Mrs. Gloria Macapagal-Arroyo has commuted the death sentences of the 1,205 convicts on death row to life imprisonment. Many will argue that she did so to earn brownie points with the Catholic Church, and incidentally to appease those human rights groups similarly opposed to the death penalty. They will see a connection between Mrs. Arroyo’s sub-zero popularity, the “people’s initiative” the bishops of the Church have opposed, and her decision.
About the bishops’ approval there can be no doubt. Mrs. Arroyo has to blunt their opposition to her and her House allies’ plan to force constitutional amendments down the nation’s collective throats, and Easter provided her the opportunity.
How political Mrs. Arroyo’s decision was we are likely to see further in the coming months. Human rights groups and lawyers have pointed out that Republic Act 7659 (the Death Penalty Act) is still in force. For the “change in policy” Mrs. Arroyo’s Easter message said was indicated by her decision to be real, RA 7659 should be repealed by Congress. Otherwise, Mrs. Arroyo can commute death sentences handed down by the courts at will, or else do nothing about them depending on her political interests.
The path for Mrs. Arroyo is thus clear as far as the death penalty is concerned: it is to encourage her allies in the House, who happen to constitute the majority, to repeal RA 7659. But Mrs. Arroyo can actually do more. She can also put a stop to the killing of political activists so she can gain favor in the eyes of Heaven as well as those of the Philippine bishops. It is in her power to do so.
Since 2001 when Mrs. Arroyo began what was to be a tumultuous watch, hundreds of political activists have been killed in the Philippines. Teachers, students, priests, women, lawyers, judges– even local government officials– have been deliberately targeted. Carried out methodically, they are so obviously government-approved, orchestrated and implemented the killings have become a cause for grave concern among international human rights groups including Amnesty International (AI) and the Asian Human Rights Commission (AHRC).
As AHRC has pointed out, no one has been arrested and prosecuted for the killings, which it described as “unrestrained” by government action.
“Common among all the victims is that they were persons critical of the government. In response, government and army officials have labeled the victims communist sympathizers, as if to excuse themselves of responsibility or involvement.”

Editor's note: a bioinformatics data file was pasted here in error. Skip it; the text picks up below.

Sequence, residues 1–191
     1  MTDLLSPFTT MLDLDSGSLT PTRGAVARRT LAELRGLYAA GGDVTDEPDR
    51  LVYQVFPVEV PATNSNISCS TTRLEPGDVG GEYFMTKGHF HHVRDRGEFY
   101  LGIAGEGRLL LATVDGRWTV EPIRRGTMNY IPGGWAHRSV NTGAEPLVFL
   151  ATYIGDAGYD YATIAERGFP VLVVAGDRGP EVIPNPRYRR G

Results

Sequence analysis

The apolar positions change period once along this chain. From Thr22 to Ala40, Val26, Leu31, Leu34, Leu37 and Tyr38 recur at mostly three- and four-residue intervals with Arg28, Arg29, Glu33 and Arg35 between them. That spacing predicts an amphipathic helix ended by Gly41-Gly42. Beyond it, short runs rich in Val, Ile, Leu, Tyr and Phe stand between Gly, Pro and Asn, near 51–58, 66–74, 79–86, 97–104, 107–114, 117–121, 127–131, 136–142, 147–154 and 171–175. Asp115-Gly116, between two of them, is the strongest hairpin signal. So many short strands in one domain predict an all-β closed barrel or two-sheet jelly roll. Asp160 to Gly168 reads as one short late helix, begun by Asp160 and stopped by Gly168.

AHRC cites an example. “Before Abelardo Ladera was killed in Tarlac, on January 22  the army’s Northern Luzon Command briefed local officials that he was a contact for the insurgent New People’s Army (NPA). His death was written off as a killing by communists, and not properly investigated. The same has followed in other cases. On April 4, Brigadier General Jose Angel Hondrado, the army civil relations chief, openly listed human rights, political, religious and media organizations that have allegedly been ‘influenced or infiltrated’ by communists.
“The effect of this branding,” said AHRC, “has been to excuse the authorities of responsibility in dealing with the cases: by implication, killing an alleged communist is not a crime in the Philippines. A further conclusion is that killing members of legitimate opposition parties or human rights activists is also permitted…
“None of this is new to the Philippines. Under the Marcos regime, the police and armed forces developed very advanced methods of detaining, torturing, disappearing and killing human rights defenders and political opponents. It also used the method of labeling opponents as communist sympathizers as a means to open the way for unrestrained violence against them…
“…Of bitter disappointment since the recent attacks is the apparent unwillingness of the current administration to do anything to address this trend. The combined effect of its inaction and unhelpful public statements is to suggest that the killing of political opponents and human rights activists is of no concern, and may even be beneficial to the country’s internal security and social order. These are exactly the same premises upon which Marcos based his bloody governance.”
Mrs. Arroyo’s decision has spared the lives of 1,205 death row convicts without any guarantee that others convicted in the future will be similarly spared. Meanwhile, the killing of political activists without benefit of trial and conviction is likely to continue. After all, though undeclared, it too, is policy.